Reducing the Risk of Sudden Infant Death Syndrome (SIDS) and Creating a Safe Sleep Environment
SIDS (Sudden Infant Death Syndrome) is defined by the American Academy of Pediatrics as the sudden, and unexplained, death of an infant younger than one year of age, which remains unexplained after a thorough investigation including the performance of an autopsy, examination of the death scene and a review of the infant’s clinical history. One of the ways to reduce the risk of SIDS is to ensure a safe sleep environment for infants. You may ask “what does a safe sleep environment look like?” Many new mothers aren’t educated about SIDS and the ways to reduce the risk of SIDS, such as providing a safe sleep environment for your infant. Here are some suggestions on how to provide a safe sleep environment for your newborn:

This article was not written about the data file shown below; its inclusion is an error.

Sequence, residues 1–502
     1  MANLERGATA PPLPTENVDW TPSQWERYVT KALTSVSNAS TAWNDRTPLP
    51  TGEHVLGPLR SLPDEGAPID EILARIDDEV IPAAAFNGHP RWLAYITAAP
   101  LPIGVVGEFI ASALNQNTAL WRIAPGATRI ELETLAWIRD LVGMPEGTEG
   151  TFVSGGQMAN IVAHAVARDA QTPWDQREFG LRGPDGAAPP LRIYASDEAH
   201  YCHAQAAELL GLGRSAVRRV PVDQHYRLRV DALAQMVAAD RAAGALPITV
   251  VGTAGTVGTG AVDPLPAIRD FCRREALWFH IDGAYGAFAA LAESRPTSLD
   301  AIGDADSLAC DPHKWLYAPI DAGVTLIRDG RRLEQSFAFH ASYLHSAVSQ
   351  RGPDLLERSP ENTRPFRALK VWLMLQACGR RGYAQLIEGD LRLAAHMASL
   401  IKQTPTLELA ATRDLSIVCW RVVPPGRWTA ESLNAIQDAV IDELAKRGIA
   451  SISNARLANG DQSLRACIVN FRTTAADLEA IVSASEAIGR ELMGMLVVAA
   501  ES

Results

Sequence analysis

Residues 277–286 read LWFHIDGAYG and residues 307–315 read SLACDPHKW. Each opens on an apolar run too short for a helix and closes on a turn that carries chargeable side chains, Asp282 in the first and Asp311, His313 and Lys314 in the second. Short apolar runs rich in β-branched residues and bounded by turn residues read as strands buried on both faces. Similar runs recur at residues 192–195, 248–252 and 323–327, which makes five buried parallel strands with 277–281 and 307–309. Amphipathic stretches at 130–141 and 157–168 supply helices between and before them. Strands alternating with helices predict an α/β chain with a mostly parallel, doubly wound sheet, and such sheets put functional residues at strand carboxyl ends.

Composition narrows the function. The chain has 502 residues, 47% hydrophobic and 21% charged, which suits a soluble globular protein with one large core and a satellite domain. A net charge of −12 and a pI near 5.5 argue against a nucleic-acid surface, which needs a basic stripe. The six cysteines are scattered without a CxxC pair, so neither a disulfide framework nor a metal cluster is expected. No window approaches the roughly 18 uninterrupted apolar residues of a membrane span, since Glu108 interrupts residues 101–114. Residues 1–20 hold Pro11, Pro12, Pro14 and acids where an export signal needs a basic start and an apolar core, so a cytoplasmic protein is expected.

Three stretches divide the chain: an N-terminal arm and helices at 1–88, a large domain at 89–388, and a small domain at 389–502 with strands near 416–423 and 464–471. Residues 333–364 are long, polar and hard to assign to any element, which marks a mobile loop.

- Make sure your baby is sleeping on a firm surface, such as a mattress in a JPMA (Juvenile Products Manufacturers Associated) certified crib, covered with a tight fitted sheet.
- Do not use pillows, blankets or crib bumpers in your baby’s sleeping area. Using these items increases the risk of suffocation, strangulation or entrapment.
- Do not place any toys in your baby’s crib or sleeping area.
- Place your baby in a one-piece outfit to sleep. If you are afraid of your baby being cold, you can use a sleep sack to place over your child’s pajamas while sleeping.
- Place your baby on his or her back to sleep.
- Do not allow people to smoke around your baby.
- Keep the temperature of your baby’s room between 68-72 degrees.
- Allow your baby to have a pacifier.
- Run the fan in your baby’s room to allow the air to circulate to reduce poor ventilation.